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O'Day Sailing Log 2012

May 26, 2012

I put the boat in the water today for the first time this year. So I've done much better than last year.

My niece Shelly and her husband Mark and father Randy came. Shelly wanted to learn how to rig the boat, so we went through the whole thing.

Got the boat in the water with out a hitch, but then I had a problem with the engine. The fuel line fitting on the end of the hose at the engine was leaking. The engine wouldn't run right. I couldn't take the choke off. I struggled with that going out and coming back. Once we had the sails up, everything was fine and we had a nice sail the entire length of the lake and back.

I went back home, got a bite to eat and then John & Liz and Austin met me at the lake and we went out for a little bit. Not too long. A one year old gets antsy pretty quick, but we had a nice little sail and had a good time.

The sun was scorching hot and I got a nice burn on my arms.

May 28, 2012

This morning my neighbor Bo and my daughter Laura and grandson Carter went out. We sailed pretty quickly to the dam with the wind out of the South.

When we turned around to come back, the wind shifted more to the South West and we had to tack much of the way back up the lake. Bo and I enjoyed the sailing but I think it lasted too long to suit Laura.

I got back home about 2PM and my dad arrived. I got a quick bite to eat and dad & I went back to the lake with the trailer. We took a short cruise - it was Dad's first time on a sail boat. After the sail, he helped me put it back on the trailer, take the mast down and pack it up for home.

May 28, 2012
Check lists needed

On Saturday I pulled the boat to the marina and as I was on the way, I thought, "I wonder if I secured the mast pivot pin or just left it laying on top of the mast pulpit?" When I arrived, I checked the mast pulpit - no pin. I checked the foot of the mast - no pin. Uh oh! I started looking around the deck. On the starboard side laying against the toe rail I found the pin. On the port side, against the toe rail I found the cotter ring. Very lucky.

Today, when I got ready to leave home with the trailer to get the boat, I pulled it part way out of the garage and hooked it onto the truck. I got in a watched the trailer in the mirrors as I started to leave. The left side was going to hit the garage door opening. So I got out, unhooked the trailer and discovered that I had left the trailer jack leg down. If I had been able to drive off, I might well have bent or broken the jack leg.

When we arrived at the marina, my dad picked up the key ring with all of the keys for the five pad locks on the boat and said, "Do you want these?" When I unlocked the trailer lock to adjust the trailer position in the garage at home I had laid the keys on the back bumper of the truck. They were there on the bumper all the way to the marina. Thankfully they never fell off. My dad asked me where the back up set is, and I told him, they are right there on the key ring. The locks that came with two set of keys have both keys right there on the key ring. How stupid.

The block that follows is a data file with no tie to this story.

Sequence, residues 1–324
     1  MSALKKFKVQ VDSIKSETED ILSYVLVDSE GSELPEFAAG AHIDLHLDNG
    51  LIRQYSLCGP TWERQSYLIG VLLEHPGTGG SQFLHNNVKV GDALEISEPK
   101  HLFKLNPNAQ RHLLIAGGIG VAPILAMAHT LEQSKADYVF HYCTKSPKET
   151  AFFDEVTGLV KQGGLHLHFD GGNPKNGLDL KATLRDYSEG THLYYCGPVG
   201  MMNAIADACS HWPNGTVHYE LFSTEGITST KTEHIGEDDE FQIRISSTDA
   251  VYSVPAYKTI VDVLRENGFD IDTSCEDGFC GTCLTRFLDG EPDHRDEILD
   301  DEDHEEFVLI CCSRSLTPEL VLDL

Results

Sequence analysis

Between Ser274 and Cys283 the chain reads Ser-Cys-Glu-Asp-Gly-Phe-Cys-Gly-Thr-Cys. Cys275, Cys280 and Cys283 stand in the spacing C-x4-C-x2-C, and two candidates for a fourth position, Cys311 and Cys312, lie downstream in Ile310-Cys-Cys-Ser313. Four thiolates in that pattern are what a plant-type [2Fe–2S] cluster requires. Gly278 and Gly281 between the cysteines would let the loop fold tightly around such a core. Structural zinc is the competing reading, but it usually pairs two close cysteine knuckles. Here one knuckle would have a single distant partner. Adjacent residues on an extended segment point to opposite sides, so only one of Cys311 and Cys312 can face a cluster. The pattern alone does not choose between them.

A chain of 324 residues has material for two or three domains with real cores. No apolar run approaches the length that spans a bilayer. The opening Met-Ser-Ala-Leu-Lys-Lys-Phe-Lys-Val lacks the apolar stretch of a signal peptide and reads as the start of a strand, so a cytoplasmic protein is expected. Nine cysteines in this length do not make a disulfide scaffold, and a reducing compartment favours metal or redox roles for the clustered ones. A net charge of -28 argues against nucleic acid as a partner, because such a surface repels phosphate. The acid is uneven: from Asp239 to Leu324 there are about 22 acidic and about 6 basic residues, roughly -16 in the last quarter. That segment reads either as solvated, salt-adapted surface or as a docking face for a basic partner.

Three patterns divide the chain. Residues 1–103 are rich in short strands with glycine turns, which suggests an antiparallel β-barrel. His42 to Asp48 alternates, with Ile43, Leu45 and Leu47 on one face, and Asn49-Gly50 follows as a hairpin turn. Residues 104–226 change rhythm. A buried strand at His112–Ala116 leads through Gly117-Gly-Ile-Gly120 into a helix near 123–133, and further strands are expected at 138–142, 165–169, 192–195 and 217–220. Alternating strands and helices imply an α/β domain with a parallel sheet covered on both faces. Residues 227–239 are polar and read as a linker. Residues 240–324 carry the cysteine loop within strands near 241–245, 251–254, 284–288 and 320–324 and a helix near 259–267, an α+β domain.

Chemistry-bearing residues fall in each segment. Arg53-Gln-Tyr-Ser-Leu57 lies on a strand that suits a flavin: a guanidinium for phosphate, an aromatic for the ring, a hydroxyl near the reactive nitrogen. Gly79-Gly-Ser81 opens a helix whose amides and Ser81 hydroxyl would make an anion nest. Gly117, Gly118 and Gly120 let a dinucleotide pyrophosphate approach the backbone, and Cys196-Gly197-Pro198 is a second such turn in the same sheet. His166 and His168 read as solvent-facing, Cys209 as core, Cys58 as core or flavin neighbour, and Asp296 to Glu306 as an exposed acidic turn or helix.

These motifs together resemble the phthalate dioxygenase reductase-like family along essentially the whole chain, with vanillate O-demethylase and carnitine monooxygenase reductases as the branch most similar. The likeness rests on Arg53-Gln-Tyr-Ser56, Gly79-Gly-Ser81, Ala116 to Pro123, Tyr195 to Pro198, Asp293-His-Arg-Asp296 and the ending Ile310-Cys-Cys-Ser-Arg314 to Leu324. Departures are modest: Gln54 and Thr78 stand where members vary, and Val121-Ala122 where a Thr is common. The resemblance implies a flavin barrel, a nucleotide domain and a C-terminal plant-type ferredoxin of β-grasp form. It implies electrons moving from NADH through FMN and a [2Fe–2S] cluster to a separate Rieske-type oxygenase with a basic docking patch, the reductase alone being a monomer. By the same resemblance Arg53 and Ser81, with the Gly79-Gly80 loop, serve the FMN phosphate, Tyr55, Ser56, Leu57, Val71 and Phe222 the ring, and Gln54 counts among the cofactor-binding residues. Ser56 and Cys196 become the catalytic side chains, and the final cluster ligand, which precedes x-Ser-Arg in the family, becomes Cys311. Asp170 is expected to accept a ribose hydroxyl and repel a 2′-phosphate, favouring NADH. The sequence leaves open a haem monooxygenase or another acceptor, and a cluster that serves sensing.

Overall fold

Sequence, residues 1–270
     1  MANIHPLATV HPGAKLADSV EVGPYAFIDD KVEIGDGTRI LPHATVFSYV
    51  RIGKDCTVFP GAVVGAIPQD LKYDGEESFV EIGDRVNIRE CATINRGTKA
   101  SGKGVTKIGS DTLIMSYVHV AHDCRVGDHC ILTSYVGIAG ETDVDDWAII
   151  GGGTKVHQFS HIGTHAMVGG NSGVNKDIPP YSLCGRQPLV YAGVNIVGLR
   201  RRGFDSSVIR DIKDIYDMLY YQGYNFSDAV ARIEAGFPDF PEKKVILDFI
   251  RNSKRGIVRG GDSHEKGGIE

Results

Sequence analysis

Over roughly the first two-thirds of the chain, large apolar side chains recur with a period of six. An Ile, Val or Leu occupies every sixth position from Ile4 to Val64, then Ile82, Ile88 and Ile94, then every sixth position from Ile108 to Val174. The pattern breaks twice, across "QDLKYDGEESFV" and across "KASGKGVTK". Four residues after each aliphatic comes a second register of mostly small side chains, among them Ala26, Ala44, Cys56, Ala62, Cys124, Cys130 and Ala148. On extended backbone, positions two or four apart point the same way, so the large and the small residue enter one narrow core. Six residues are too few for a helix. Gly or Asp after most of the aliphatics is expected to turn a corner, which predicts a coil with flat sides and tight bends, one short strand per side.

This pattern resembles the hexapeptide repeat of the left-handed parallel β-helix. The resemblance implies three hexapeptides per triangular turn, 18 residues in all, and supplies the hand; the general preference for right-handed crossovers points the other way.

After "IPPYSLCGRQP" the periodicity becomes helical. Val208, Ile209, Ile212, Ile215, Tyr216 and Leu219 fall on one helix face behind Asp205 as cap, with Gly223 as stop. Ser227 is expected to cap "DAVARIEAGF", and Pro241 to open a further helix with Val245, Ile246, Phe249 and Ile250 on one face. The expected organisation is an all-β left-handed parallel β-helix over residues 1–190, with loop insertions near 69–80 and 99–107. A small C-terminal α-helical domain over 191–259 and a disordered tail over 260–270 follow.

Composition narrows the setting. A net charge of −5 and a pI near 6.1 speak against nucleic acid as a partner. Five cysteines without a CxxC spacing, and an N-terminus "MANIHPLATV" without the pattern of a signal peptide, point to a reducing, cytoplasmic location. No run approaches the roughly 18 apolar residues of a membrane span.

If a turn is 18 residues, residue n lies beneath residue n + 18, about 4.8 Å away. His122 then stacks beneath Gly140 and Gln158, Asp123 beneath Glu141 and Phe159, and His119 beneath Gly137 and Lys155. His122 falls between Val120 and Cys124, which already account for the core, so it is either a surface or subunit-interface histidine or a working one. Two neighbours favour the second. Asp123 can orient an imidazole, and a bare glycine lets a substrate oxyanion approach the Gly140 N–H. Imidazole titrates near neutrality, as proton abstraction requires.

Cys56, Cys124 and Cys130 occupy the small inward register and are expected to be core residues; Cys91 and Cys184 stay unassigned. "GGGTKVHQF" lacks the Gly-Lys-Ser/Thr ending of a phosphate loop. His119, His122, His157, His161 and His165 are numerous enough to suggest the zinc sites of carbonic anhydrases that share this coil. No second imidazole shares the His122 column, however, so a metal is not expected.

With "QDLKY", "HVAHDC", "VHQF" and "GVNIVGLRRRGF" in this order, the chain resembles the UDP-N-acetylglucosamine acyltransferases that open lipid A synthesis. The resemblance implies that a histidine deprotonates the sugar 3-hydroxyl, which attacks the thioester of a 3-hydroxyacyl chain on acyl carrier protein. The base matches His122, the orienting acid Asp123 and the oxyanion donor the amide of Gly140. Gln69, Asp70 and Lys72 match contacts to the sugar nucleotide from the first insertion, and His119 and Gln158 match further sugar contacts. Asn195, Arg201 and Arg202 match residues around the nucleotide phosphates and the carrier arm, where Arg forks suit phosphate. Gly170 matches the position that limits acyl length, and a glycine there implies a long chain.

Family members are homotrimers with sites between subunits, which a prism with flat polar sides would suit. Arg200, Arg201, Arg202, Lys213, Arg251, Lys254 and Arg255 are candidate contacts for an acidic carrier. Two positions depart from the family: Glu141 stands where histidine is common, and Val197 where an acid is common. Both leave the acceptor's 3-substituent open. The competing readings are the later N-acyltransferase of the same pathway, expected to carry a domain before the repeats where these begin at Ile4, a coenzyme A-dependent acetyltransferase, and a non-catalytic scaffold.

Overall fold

When I dropped the mast and packed up to bring the boat home, what did I do with the mast pivot pin? I left it laying on the mast pulpit again. Fortunately again, I found it laying against the toe rail.

I really need to make a check list for each step of the rigging and transporting process.

I don't know how many times I've left the topping lift off the boom or left the boom vang on the boom when I'm trying to drop the main sail. I've dropped the boom onto folks in the cockpit more than once. Fortunately no one has been hurt. I'm not sure that I can follow a check list when raising and lowering the sails, but if I make one up, I'll at least have gone through the mental exercise of having a set process for raising and lowering the main.

August 26, 2012

I got out on Sunday PM for only about 45 minutues. It was a lot of work setting up and tearing down for just 45 minutes of sailing, and very little breeze at that. It's a long story how this came about and I'll spare you. But, this gave me a chance to check out my new checklists for trailing and raising and lowering the mast. There were mistakes I made that proved the value of the check lists. If I can get the lists just right and follow them, then I'll be able to rig and un-rig (?) for sailing in the most efficient and quickest amount of time. Here are the checklists that I have so far.

I also got to wondering how other O'Day 192 sailors raised the mast. I got a report from Matt, one of my virtual sailing buddies, then I put this page together to document how we do it.